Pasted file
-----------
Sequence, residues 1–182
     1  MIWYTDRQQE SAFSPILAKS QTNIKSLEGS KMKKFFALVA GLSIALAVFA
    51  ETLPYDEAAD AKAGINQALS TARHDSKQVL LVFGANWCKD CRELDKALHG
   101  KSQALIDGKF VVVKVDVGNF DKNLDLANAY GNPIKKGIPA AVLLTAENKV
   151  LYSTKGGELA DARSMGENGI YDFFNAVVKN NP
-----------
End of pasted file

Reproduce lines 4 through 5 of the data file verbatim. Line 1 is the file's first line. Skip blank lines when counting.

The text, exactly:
   101  KSQALIDGKF VVVKVDVGNF DKNLDLANAY GNPIKKGIPA AVLLTAENKV
   151  LYSTKGGELA DARSMGENGI YDFFNAVVKN NP